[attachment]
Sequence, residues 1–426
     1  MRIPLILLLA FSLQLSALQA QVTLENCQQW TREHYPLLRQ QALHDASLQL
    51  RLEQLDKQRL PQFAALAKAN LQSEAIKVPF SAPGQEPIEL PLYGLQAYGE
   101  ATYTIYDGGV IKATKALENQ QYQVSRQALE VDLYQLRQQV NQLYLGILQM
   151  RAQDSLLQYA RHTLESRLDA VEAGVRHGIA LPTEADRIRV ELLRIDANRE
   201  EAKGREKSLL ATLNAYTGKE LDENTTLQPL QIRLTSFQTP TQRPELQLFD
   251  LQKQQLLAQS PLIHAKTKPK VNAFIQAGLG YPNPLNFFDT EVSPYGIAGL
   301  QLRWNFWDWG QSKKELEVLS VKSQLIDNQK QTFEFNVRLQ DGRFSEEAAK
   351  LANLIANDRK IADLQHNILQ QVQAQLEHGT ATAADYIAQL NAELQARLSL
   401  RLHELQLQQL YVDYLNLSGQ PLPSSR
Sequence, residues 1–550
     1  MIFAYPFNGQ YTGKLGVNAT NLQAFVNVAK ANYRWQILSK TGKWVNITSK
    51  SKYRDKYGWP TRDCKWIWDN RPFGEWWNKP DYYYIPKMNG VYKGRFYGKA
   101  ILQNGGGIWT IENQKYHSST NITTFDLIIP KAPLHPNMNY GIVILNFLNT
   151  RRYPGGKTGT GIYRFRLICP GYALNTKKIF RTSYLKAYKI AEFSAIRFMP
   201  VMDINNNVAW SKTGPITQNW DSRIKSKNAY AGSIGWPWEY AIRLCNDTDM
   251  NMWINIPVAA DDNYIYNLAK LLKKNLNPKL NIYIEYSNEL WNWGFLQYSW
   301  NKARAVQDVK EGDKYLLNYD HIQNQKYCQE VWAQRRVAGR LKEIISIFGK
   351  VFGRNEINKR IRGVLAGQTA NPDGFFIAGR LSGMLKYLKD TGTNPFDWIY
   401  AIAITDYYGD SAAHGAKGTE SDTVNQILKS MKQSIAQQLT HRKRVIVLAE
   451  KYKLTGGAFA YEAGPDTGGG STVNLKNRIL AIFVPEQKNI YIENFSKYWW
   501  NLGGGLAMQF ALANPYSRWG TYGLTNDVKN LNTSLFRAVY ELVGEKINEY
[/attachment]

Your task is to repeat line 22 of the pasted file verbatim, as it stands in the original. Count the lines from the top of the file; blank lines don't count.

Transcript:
   501  NLGGGLAMQF ALANPYSRWG TYGLTNDVKN LNTSLFRAVY ELVGEKINEY